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18 The report also states that while the United States has a historical record of achievement, the United States now lags behind other nations in STEM education. Moreover, some groups, African Americans, Hispanics, Native Americans, and women, are seriously underrepresented in many STEM fields. This restricts t heir role in well paid, high growth professions and, ultimately, deprives the nation of the full benefit of their talents and perspectives (Anderson, 2011). However, with all of this in mind, there is not just lack of proficiency; there is a lack of inter Recent evidence suggests that many of the most proficient students, including minority students and women, have been gravitating away from science and engineering toward other professions. Even as the United States focuses on low perf orming students, we must devote considerable attention and resources to all of our most high achieving (Anderson, 2011, p. vi). Ultimately, to improve STEM education, focus must be given to both preparation and inspiration With the growing demand for college educated workers, a college education is one of the surest ways into the middle class. However, nationwide, low income students face barriers to college access. The Executive Office of the President of the United S tates reports: Low income students often lack the guidance and support they need to prepare for college, apply to the best fit schools, apply for financial aid, enroll and persist in their studies, and ultimately graduate. As a result, large gaps remain in educational a chievement between students from low income families and their high income peers. Increasing college opportunity is not just an economic imperative, but a reflection of our values. We need to reach, inspire, and empower every student, regardl ess of background, to make sure that our country is a place where if you work hard, you have a chance to get ahead (2014).

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19 In 2012 2013, New Vision Academy reported 96% of students were eligible for free and reduced lunch rates. Granted, these students f ace challenges, but by giving them access to resources and support, the likelihood of post secondary and workforce success is greatly improved. On a local level, m y research also directly align s to the goals and vision of the Denver Public Schools. The fo llowing goals are especially relevant: all students will graduate from the Denver Public Schools prepared for postsecondary success, all students state standards, and the number of high performing schools as measured by the School Performance Framework will increase in Denver Public Schools. My review offer s a glimpse into the math ematics progr am at New Vision Academy with attention to how these goals are being pursue d in respect to mathematics learning. Review Questions My primary review question is: Since becoming a turnaround school in the spring of 2010, what strategies has the school engaged in to improve mathematics education and student achievement? My secondary questions include: What strategies have been the most effective for student achievement in math? What part did district administration, school administration, and New Vision Academy mathematics teachers play in this process? How do district administration, school administration, and teachers at New Vision Academy describ e their involvements and experiences with the strategies of turnaround?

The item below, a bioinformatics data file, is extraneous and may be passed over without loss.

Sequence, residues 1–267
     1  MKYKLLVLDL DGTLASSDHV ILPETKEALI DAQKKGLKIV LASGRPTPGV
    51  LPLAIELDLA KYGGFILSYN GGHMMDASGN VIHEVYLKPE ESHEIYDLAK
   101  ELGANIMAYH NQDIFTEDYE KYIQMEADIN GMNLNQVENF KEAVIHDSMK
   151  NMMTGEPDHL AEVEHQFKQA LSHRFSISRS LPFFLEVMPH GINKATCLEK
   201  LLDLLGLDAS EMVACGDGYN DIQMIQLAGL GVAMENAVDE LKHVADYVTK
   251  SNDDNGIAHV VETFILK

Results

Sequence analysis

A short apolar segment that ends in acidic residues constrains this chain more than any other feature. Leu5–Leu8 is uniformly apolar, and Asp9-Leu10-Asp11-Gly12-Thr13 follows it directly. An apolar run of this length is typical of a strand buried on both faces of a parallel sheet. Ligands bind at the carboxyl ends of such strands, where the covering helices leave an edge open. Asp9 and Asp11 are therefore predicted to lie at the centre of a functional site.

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20 CHAPTER II REVIEW METHOD The goal of this program review is to understand the work being done by New Vision Schools Network at New Vision Academy specifically in mathematics, as part of the turnaround, innovation process at Windy Creek High School Qualitative data is usually gathered from interviews, observations, or narrative documents (Gliner, Morgan, & Leech, 2009) Interviews Before the p rogram review began, Human Subjects Research approval was completed through the Institutional Review Board. The program review was also approved by the Denver Public Schools Research Review Board. The Executive Director of West Denver Network S chools D enver Public Schools, and the principal of New Vision Academy were contacted, and both granted permission to communicate with teachers at the school site. All teachers signed consent forms to participate in the program review Full details of the progra m review were provided to the school personnel with all information explaining the purpose of this review and how they can opt out if they would like. Teams of grade level mathematics teachers were interviewed and asked about their overall perceptions and experiences within mathematics instruction at New Vision Academy Table 6 illustrates information regarding the interviews.